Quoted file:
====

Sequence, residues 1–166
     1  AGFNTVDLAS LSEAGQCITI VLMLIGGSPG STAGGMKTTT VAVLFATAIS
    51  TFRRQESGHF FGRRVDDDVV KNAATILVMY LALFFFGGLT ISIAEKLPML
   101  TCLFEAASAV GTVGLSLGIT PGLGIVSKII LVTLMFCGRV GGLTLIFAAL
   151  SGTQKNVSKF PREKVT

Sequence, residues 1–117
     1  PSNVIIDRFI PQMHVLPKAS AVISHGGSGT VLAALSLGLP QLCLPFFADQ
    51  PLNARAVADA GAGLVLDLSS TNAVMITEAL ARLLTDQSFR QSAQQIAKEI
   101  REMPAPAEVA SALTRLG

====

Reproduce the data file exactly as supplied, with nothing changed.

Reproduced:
Sequence, residues 1–166
     1  AGFNTVDLAS LSEAGQCITI VLMLIGGSPG STAGGMKTTT VAVLFATAIS
    51  TFRRQESGHF FGRRVDDDVV KNAATILVMY LALFFFGGLT ISIAEKLPML
   101  TCLFEAASAV GTVGLSLGIT PGLGIVSKII LVTLMFCGRV GGLTLIFAAL
   151  SGTQKNVSKF PREKVT

Sequence, residues 1–117
     1  PSNVIIDRFI PQMHVLPKAS AVISHGGSGT VLAALSLGLP QLCLPFFADQ
    51  PLNARAVADA GAGLVLDLSS TNAVMITEAL ARLLTDQSFR QSAQQIAKEI
   101  REMPAPAEVA SALTRLG